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$2.8 Million ‘Star’ Sapphire Probably Worth Less Than $100,000 - IRS Expert

February 13, 1987

LOS ANGELES (AP) _ The ″Star of America″ sapphire, touted by its discoverer as worth $2.28 million, is actually an ″insignificant″ stone worth less than one-twentieth that amount, according to gem dealers, curators and appraisers.

″I don’t think the word million can enter into the conversation,″ said Elly Rosen, an independent appraiser who has been a gem consultant to the Internal Revenue Service. ″I think the difficulty would be in the five figures.″

Roy Whetstine of Kilgore, Texas, said he bought the potato-sized rock last year for $10 and claimed he got offers of more than $2 million. He has been displaying it this week at the annual Winter Gem and Mineral Show in Tucson, Ariz.

″If I had any questions about the stone, I wouldn’t have brought it here and put it on display,″ Whetstine said, according to Friday’s editions of The Los Angeles Times.

The Times also reported that court records show Whetstine was ordered to pay $64,000 to a man who complained that a gem he’d been sold was overvalued. Another similar suit was settled out of court, the newspaper said.

Cosmo Altobelli, one of several gem experts interviewed at the winter show by the newspaper, commented that ″none of the people in any of the national press ... ever questioned it (the value).″

″They thought it was a fairy tale story and ran with it,″ said Altobelli, appraisal committee chairman for the American Gem Society.

″It’s an insignificant stone,″ said John Sampson White, curator of the National Gem and Mineral Collection at the Smithsonian Institution. ″We wouldn’t buy it. We wouldn’t want it, I don’t think, even if it were offered to us. We certainly couldn’t accept it as a gift, given the crazy values on it.″

Whetstine provided no specifics on negotiations for the stone, which he says he bought with $5 from each of his young sons. ″I bought it for them,″ he said. The six-pointed star has been cut and polished to a fine lavender luster.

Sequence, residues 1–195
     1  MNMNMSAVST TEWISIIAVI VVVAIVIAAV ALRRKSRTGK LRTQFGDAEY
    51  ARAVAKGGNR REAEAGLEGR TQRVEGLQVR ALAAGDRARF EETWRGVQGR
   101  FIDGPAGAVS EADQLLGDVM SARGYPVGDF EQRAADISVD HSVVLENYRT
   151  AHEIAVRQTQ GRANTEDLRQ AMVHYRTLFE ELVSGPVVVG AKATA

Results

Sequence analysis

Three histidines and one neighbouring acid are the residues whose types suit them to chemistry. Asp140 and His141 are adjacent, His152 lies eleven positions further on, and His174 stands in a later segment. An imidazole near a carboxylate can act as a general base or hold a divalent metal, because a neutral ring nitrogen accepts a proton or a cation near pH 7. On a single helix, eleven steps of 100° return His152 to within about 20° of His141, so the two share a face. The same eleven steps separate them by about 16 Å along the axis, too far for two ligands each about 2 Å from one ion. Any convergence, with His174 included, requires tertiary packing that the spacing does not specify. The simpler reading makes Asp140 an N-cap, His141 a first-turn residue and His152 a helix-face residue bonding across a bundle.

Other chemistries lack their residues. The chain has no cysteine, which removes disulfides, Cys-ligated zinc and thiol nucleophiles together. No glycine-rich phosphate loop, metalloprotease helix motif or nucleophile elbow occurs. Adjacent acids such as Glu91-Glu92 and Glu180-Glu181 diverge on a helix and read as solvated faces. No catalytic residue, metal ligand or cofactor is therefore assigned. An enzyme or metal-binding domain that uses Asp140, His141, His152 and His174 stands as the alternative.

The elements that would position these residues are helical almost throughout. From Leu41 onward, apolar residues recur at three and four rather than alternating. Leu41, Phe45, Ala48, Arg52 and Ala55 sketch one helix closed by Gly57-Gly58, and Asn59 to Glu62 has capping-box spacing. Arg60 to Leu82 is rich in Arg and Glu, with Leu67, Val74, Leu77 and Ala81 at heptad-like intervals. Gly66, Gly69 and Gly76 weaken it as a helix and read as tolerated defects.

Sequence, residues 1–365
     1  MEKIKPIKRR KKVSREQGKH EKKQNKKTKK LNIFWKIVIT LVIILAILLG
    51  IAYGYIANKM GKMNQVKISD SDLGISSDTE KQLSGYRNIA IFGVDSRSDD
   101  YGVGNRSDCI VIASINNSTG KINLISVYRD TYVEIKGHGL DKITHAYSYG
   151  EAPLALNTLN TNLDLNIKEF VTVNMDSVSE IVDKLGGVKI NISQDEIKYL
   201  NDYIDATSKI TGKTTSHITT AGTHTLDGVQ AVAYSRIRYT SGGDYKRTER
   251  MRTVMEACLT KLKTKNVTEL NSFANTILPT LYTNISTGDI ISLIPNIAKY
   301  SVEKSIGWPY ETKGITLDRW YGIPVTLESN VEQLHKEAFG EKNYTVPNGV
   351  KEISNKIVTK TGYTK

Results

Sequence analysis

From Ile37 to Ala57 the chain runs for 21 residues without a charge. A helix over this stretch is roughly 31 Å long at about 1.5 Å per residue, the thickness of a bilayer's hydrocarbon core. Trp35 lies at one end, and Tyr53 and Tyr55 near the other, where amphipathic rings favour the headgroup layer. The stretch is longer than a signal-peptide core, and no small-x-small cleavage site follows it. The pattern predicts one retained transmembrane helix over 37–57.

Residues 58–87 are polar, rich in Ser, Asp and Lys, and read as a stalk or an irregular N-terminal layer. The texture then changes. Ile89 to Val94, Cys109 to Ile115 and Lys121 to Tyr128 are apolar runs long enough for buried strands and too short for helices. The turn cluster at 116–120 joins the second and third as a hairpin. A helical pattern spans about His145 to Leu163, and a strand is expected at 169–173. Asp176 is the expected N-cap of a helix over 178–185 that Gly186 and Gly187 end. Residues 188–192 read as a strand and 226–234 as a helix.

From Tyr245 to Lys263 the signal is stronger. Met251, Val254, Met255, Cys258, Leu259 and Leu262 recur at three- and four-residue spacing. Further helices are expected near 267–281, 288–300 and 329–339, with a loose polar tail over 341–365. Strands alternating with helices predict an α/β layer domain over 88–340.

″It is nice to see, it is an oddity ... but that’s it,″ Rosen said from New York.

The man who initially appraised the stone for Whetstine, Lawrence Ward, owner of a jewelry store in Fallbrook, was dropped from membership in the American Gem Society last November over complaints that he had inflated appraisals, according to Laurie Hudson, the society’s marketing manager.

Ward said he was dropped because of a personal vendetta.

Court records show Ward and Whetstine have been accused in two lawsuits of inflating the value of stones, the Times reported.

One suit was settled out of court on undisclosed terms, and in the other Whetstine was ordered to pay $64,000 for breach of contract and also was found liable for ″fraud, deceit and misrepresentation.″ Ward was not found liable.

Whetstine said the judgment had nothing to do with fraud but a simple ″credit debt.″ He said the verdict, coming on top of bills for heart bypass surgery, forced him to declare bankruptcy last year before he bought the stone.

He bought the stone in February 1986 and the next month had the Gemological Institute of America certify it as a 1,906-carat, natural star sapphire.

Ward said he based his appraisal largely on Whetstine’s claim that the rock had come from Idaho, a claim that cannot be confirmed because Whetstine will not identify the seller.

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